An HTML element, with tag name of "META", expressing metadata about a given HTML document. HTML standards do not require that documents have META elements but if META elements occur, they must be inside the document's HEAD element.The META element can be used to identify properties of a document (e.g., author, expiration date, a list of key words, etc.) and assign values to those properties, typically by specifying a NAME attribute (to name the property) and a CONTENT attribute (to assign a value for that property). The HTML 4 specification doesn't standardise particular NAME properties or CONTENT values; but it is conventional to use a "Description" property to convey a short summary of the document, and a "Keywords" property to provide a list of keywords relevant to the document, as in:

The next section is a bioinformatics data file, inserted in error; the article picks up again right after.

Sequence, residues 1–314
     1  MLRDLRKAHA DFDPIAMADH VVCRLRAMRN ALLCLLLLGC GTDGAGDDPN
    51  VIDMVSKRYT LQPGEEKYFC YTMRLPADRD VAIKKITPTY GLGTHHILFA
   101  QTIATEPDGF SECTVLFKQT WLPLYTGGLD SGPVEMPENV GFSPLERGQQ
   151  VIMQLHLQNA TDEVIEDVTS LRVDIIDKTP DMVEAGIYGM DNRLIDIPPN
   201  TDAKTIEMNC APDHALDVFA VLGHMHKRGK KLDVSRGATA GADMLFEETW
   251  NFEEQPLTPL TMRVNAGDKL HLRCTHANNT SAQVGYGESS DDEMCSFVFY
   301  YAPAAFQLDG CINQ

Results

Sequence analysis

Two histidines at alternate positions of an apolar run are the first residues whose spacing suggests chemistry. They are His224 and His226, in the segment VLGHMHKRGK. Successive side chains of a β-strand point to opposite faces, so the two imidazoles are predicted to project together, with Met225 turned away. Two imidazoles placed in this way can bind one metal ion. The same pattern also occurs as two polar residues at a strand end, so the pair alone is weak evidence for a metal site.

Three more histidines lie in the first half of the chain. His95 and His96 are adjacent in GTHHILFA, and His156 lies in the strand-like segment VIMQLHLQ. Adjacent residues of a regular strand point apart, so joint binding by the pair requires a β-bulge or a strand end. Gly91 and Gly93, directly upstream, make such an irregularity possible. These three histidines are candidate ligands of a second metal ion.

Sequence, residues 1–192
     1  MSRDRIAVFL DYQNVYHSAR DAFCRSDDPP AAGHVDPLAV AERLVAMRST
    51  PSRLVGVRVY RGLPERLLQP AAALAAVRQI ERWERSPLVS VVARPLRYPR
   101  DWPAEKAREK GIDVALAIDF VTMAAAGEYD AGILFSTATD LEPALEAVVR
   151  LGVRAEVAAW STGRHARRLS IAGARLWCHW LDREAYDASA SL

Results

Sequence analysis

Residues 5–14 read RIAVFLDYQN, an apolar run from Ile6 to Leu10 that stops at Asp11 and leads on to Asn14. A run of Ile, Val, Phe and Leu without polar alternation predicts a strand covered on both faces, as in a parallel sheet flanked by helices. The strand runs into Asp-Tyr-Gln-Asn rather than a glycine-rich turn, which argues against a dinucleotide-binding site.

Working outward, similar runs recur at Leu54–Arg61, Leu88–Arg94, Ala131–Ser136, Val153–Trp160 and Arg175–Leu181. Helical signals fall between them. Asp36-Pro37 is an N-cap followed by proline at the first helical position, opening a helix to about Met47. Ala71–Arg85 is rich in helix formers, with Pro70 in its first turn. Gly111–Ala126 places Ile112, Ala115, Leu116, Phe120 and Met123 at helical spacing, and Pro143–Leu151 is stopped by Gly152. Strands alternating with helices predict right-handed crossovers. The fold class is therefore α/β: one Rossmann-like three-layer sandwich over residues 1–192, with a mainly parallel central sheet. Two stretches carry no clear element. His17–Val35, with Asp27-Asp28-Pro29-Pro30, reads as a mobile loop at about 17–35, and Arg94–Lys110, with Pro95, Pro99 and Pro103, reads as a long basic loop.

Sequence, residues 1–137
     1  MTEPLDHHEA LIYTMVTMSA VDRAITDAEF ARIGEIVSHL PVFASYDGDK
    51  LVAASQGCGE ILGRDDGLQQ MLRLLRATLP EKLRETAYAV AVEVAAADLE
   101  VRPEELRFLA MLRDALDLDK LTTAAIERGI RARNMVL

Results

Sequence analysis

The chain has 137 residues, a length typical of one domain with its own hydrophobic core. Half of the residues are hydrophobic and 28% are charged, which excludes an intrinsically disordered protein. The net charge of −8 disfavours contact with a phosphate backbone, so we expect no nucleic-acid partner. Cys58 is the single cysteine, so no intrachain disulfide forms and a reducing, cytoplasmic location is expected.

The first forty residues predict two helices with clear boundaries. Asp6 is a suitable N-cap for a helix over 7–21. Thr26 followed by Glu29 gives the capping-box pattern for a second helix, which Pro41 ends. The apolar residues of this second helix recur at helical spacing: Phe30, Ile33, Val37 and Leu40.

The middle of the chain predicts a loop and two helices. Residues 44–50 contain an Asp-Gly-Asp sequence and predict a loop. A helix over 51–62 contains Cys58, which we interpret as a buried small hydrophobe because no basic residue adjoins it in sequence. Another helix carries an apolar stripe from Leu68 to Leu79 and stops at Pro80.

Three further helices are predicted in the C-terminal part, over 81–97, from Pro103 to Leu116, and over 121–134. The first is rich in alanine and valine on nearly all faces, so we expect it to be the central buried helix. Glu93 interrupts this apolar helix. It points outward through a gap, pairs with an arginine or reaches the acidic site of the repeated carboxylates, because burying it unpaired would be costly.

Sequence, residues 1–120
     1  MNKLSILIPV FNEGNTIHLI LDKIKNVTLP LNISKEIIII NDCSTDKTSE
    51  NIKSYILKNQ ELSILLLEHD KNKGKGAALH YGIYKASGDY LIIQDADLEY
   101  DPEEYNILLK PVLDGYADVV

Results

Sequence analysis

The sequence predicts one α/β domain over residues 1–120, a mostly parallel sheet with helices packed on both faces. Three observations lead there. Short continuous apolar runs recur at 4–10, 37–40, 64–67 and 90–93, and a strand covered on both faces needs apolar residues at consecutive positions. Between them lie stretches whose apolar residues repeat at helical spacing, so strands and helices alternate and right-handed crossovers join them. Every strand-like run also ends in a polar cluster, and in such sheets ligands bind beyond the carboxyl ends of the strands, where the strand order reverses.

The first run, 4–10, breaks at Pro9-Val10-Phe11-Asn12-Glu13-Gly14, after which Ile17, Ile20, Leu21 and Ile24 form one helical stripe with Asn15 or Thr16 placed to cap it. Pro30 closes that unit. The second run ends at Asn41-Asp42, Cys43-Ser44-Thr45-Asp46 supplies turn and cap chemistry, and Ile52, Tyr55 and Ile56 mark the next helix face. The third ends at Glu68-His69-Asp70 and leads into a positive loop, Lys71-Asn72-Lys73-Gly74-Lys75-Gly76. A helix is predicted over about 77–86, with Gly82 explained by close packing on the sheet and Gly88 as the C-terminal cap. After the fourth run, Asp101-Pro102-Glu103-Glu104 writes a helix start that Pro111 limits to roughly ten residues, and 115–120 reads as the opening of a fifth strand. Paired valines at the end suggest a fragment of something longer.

<META NAME="Description" CONTENT="Information from around the world on kumquat farming techniques and current kumquat production and consumption data"> <META NAME="Keywords" CONTENT="kumquat, Fortunella">META elements with HTTP-EQUIV and CONTENT attributes can simulate the effect of HTTP header lines, as in:
<META HTTP-EQUIV="Expires" CONTENT="Tue, 22 Mar 2000 16:18:35 GMT"> <META HTTP-EQUIV="Refresh" CONTENT="10; URL=http://foldoc.org/">Other properties may be application-specific. For example, the Robots Exclusion. standard uses the "robots" property for asserting that the given document should not be indexed by robots, nor should links in it be followed:
<META NAME="robots" CONTENT="noindex,follow">
Last updated: 2001-02-07
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